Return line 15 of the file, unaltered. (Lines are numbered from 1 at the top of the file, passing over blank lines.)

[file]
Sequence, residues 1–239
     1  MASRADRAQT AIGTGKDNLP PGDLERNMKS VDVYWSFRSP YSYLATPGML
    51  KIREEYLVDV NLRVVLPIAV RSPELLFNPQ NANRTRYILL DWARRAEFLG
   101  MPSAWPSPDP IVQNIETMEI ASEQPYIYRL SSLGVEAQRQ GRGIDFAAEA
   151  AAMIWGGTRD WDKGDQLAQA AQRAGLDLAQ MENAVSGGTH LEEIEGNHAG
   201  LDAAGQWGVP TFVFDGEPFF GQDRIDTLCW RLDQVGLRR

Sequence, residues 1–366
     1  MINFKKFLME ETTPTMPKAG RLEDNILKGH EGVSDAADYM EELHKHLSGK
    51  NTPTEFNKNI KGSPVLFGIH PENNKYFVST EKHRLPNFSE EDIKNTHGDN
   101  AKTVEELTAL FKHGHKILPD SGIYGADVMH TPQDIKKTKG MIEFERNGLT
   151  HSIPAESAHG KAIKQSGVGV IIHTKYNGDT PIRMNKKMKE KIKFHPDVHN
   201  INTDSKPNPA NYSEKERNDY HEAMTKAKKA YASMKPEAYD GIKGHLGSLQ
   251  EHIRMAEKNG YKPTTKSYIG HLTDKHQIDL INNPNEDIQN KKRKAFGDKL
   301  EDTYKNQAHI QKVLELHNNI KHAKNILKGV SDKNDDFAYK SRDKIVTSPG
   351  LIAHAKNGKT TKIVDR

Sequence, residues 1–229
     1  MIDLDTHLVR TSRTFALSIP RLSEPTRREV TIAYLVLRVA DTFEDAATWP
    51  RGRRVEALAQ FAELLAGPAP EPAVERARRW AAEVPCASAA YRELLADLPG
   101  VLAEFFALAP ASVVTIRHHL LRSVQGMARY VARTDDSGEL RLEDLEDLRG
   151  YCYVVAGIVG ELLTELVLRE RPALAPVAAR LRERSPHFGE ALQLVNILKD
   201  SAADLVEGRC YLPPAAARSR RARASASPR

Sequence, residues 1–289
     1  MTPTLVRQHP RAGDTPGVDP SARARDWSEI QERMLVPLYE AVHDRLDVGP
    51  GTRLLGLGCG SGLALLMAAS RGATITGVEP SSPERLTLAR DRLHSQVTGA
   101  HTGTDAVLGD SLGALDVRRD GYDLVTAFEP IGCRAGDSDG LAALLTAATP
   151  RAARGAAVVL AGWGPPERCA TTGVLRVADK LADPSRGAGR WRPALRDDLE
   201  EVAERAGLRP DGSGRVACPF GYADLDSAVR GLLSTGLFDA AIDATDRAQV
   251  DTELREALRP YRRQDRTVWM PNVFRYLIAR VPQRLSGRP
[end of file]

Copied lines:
   351  LIAHAKNGKT TKIVDR